Last updated on May 9th, 2020 at 04:18 pm.
It sounds a little like a bus route, the 720. The publicity surrounding its introduction last year certainly made it a household name, at least amongst the expat population. However, just in case you haven’t heard of it before, the 720 is the asset declaration form that many residents in Spain had to complete to register the property, accounts and pensions they hold in other countries.
It caused quite a lot of controversy as people debated exactly what the implications of filling it in would be. There was ongoing discussion about who needed to complete one and what qualified them for the pleasure. For some, the rules seemed to change over time. Now, one year on, we’re into the second round of the 720 and if you didn’t complete one last year, or even if you did, you should check whether you fit the criteria this time round. However, we would like to remind you that taxes in Spain can be complicated and you could be subject to fines or penalties if you miss a deadline or don’t do your taxes properly. Advisably, you should seek fiscal advice from an expert to avoid possible complications.
Who must complete the 720
If you are a resident in Spain and have assets in another country then chances are that you have to complete a 720. There are three types of asset that you might hold that qualify you:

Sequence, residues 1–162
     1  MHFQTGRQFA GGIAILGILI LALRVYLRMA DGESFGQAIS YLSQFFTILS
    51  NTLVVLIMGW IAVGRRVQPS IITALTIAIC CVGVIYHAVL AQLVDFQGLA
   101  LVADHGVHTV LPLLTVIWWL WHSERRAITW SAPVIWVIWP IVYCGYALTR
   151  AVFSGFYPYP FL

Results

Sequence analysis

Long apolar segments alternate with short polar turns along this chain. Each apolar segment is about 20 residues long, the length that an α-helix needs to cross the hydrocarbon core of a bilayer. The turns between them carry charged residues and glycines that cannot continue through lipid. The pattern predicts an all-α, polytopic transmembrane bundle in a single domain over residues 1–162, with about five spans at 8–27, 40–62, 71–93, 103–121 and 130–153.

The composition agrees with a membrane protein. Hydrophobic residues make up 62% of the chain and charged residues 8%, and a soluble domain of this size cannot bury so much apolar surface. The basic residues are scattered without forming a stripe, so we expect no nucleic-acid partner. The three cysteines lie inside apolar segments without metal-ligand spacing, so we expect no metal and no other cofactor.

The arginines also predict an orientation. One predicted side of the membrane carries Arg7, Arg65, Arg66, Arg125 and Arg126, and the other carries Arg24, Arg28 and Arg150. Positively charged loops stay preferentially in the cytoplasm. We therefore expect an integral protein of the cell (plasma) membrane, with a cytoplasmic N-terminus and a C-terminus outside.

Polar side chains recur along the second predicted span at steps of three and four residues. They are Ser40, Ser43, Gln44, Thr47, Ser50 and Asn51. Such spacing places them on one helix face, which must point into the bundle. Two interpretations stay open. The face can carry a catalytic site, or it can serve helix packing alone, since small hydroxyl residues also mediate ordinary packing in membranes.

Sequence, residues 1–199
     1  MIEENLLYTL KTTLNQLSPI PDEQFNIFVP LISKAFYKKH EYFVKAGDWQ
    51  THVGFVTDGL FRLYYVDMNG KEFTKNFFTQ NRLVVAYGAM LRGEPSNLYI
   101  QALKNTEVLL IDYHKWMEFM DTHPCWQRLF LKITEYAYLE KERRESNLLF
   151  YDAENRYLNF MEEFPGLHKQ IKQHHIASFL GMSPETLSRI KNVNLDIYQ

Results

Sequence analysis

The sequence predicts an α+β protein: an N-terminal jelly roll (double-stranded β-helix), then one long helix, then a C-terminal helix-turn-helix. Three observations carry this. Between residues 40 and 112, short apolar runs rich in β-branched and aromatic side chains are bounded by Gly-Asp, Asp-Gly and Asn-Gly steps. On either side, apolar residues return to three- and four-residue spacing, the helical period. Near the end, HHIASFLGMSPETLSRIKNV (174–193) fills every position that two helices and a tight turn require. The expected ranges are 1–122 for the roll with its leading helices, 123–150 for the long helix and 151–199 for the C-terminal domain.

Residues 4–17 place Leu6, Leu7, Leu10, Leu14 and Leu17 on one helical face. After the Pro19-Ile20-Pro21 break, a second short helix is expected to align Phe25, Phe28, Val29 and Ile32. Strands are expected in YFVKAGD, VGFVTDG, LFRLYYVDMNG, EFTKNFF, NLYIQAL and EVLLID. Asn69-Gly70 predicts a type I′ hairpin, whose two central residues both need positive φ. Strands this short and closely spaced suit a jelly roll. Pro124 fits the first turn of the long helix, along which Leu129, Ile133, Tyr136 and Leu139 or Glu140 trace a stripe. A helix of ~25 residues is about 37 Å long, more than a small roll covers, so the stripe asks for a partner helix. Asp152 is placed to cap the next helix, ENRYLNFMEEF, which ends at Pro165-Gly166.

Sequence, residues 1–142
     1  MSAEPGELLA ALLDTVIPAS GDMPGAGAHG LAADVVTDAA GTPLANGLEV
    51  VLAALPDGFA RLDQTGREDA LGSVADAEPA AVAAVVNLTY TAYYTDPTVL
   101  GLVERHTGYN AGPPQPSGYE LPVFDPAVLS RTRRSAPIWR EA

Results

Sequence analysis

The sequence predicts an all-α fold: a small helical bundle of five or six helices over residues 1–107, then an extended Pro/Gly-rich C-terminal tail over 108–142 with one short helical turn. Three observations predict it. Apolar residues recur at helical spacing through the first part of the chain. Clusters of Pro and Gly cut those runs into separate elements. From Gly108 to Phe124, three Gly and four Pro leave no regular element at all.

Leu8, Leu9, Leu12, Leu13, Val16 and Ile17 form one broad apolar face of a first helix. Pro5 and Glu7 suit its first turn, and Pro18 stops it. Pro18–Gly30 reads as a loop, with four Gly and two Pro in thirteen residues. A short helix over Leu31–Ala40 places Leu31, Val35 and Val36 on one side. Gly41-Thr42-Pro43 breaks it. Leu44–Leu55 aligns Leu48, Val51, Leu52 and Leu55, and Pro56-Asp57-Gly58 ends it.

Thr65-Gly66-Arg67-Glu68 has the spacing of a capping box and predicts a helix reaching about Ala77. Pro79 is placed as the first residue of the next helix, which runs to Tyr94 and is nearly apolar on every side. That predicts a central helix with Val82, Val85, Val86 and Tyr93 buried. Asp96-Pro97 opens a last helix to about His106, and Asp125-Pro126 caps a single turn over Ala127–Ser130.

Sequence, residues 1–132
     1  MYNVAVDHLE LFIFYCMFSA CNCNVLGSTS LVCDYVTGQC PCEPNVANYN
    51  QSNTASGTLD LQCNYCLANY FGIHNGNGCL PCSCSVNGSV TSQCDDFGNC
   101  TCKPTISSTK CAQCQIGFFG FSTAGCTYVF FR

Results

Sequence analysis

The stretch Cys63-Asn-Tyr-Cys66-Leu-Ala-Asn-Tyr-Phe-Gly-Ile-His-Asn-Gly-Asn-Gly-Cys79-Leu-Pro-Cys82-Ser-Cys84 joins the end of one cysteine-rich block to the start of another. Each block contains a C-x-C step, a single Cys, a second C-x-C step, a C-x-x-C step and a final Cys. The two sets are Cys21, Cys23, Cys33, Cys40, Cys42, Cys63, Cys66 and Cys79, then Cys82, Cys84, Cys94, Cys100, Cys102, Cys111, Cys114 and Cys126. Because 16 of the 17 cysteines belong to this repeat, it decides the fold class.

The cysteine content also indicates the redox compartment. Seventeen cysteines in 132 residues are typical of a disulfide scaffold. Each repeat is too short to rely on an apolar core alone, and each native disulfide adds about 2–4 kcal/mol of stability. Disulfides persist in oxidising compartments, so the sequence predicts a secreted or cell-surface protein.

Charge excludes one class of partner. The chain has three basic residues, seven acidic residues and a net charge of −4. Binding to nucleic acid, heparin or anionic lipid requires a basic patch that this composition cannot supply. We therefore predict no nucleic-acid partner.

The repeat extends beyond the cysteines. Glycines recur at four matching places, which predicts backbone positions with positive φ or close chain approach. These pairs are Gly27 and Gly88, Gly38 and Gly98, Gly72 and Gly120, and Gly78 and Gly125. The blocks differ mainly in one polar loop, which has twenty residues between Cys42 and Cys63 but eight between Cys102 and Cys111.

- Group 1: accounts held abroad where the total balance of all the accounts exceeds €50,000. This includes bank, savings and deposit accounts where you are the account holder or have had authorisation over the funds during 2013.
- Group 2: other assets and pensions held abroad exceeding €50,000 in value. This includes bonds, stocks and shares, dividends, life insurance, pension plans and annuities. You are in this category if they have either a total value or a surrender value on the 31st December 2013 of €50,000 or more.
- Group 3: property or business premises abroad. This applies to you if you live in Spain but still own a business or house in another country whose purchase value was more than €50,000.
What happens if you don’t declare
It wouldn’t be the Spanish Tax Authority as we know it if it didn’t threaten us with some pretty hefty fines. The penalty for non-presentation or providing false information is a fine of 5,000€ for every piece of information omitted or wrongly presented with a minimum fine of 10,000€. Figures designed to make you think twice.
Of course, we are also preaching to the converted. Many people did complete the 720 asset declaration form last year, successfully and can take satisfaction in being on the right side of the Tax Authority. For those who didn’t and should have and those whose circumstances have changed and must, it’s time to contact your fiscal representative and make sure you don’t miss the bus.
To help navigate the bureaucracy of the Spanish tax system, our dedicated advisers are on hand to help at every step of the way. Fill out this short form and we will offer you a free consultation without obligation.